Police officers in Portland, Oregon are abandoning the force, taking a hit to their livelihoods to do so.
The large number of officers leaving the force is “unprecedented,” Assistant Chief, Michael Frome told the Portland Tribune. “We really have not seen this many people leaving at this stage in their career.”
Nine officers have resigned from the Portland police department since November, with another 14 officers preparing to leave by the end of January. Seven other officers have made initial filings in preparation for retirement. Approximately 25 officers are seeking to transfer to other police departments.
The departure comes after violence overcame the city for the better part of a year, sparked by the killing of George Floyd. Floyd died in police custody with fentanyl and methamphetamines in his system, after an officer rested his knee in Floyd’s neck while detaining him.
Following the death of Floyd mass riots swept across the States alleging systemic racism and police forces across the country, pushed by Black Lives Matter movement.
The movement sparked called the defunding and abolition of police. In June, the city council approved a $15 million cut to the police departments budget, reallocating the money into social programs.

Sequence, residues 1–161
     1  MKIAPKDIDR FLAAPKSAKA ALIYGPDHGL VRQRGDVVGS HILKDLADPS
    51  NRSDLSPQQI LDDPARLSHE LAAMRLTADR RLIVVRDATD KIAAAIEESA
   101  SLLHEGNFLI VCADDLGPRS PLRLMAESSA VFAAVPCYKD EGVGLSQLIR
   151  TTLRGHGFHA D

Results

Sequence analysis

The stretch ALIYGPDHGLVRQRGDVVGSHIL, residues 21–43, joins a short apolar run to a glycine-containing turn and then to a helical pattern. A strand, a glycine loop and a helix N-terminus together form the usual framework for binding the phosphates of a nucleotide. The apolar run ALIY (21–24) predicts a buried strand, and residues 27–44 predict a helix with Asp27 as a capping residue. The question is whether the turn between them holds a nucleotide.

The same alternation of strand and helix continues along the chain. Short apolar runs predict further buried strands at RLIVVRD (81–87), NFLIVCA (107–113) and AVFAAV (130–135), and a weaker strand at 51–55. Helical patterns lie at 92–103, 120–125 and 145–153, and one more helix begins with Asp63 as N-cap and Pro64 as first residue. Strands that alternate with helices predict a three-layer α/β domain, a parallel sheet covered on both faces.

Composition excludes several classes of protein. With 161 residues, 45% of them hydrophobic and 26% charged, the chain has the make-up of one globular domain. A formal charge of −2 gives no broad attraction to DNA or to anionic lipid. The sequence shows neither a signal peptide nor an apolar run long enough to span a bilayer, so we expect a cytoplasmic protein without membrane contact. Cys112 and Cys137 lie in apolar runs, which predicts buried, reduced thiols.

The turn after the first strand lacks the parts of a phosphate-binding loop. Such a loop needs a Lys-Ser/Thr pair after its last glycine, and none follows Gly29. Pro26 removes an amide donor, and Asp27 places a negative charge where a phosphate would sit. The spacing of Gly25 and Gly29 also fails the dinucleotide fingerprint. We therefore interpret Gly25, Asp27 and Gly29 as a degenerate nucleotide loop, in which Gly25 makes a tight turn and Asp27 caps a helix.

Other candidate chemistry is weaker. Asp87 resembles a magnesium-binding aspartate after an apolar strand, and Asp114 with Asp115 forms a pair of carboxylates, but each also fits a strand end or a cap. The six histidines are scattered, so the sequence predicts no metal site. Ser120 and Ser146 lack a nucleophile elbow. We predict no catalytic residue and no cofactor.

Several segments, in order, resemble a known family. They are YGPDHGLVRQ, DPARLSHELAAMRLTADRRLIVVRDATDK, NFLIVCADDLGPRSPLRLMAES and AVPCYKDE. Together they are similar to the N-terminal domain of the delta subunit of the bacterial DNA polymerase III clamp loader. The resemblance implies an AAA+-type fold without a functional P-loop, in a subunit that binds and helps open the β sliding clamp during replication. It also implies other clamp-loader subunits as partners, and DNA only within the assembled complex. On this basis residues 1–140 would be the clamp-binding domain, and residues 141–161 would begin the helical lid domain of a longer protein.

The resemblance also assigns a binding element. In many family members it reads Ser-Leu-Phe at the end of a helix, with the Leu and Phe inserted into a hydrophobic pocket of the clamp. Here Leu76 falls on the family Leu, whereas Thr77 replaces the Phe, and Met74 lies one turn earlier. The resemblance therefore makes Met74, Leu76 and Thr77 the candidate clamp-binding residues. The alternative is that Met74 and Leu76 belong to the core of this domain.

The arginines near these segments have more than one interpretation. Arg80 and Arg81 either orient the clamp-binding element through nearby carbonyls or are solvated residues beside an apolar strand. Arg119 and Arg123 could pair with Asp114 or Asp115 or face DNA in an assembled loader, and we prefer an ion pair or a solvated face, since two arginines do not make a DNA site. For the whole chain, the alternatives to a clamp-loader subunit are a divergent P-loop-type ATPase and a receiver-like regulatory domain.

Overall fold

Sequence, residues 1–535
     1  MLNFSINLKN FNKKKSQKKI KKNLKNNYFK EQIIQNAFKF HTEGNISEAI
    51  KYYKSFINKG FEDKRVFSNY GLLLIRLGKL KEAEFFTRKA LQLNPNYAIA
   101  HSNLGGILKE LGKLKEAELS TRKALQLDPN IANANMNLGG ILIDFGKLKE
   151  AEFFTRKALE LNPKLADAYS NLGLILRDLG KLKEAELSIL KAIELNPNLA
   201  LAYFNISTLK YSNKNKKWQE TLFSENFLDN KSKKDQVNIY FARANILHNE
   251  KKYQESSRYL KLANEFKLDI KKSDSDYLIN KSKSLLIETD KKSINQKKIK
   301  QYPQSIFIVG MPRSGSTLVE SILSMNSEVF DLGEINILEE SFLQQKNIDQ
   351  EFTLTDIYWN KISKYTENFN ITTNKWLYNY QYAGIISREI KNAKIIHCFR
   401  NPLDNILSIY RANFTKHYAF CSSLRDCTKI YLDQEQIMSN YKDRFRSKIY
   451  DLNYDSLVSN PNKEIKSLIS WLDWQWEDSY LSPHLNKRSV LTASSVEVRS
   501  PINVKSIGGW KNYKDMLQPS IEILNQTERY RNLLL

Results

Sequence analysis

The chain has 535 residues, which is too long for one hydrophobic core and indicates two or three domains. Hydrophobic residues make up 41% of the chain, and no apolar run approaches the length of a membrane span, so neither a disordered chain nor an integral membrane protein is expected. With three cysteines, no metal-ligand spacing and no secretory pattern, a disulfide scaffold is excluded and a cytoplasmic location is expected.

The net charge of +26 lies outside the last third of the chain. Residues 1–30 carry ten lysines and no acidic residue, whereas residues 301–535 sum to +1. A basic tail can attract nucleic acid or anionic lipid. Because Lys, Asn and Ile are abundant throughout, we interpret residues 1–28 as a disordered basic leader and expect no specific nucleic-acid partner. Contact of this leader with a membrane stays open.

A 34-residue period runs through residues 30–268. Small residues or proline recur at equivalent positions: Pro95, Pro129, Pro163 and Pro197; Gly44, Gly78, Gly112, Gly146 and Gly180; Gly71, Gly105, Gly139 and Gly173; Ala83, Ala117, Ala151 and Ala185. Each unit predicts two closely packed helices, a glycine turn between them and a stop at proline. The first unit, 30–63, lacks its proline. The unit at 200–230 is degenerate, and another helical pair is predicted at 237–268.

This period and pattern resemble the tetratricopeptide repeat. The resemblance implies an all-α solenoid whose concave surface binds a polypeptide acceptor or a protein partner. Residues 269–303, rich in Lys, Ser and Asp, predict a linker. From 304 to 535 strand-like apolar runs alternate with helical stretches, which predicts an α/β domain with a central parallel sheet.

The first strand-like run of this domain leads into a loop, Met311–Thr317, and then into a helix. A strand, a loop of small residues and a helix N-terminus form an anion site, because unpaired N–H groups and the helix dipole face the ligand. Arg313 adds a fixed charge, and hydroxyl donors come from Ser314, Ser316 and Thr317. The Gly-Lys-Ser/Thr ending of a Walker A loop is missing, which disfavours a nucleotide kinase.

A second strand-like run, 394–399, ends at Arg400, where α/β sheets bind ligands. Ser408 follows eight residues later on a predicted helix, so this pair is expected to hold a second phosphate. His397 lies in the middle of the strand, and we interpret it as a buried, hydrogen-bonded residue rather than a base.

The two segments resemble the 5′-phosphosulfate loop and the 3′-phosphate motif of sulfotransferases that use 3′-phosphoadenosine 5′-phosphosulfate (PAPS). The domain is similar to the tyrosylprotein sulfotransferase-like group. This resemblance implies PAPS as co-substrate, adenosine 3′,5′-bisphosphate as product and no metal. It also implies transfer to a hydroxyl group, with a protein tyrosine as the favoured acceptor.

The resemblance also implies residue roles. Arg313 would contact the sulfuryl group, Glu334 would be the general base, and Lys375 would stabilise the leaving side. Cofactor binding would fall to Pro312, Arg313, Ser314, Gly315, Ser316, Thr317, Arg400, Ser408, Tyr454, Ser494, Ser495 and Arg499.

The massive budget cut led to officers being laid off and cuts to its recruiter positions as the department did not have money to hire new officers. The department also cut vacant positions that it had historically held open in order to keep a steady stream of recruits and require 18 months of training to begin independent police work.
“When the cuts came in and we basically lost our vacancies, that put us in a bigger fiscal hole than we were anticipating being in,” Frome said. “We didn’t have the money to hire, so we laid off basically half of our background investigators. We laid off our recruiter, because we just did not see a position in the near future where we were going to be able to use them to capacity.”
Frome states that the department has been told to prepare for another $10 million cut to its police budget next year. The assistant police chief blamed the “defund the police” movement with the cuts to his department.
“For a lot of these people that are choosing to go somewhere else, they spent a lot of months this last summer constantly being yelled at to ‘Quit your job, quit your job.’” Frome said. “That cumulative toll on our officers, it builds up. So in some ways, yes, there is a win by those that would want the police to be defunded.”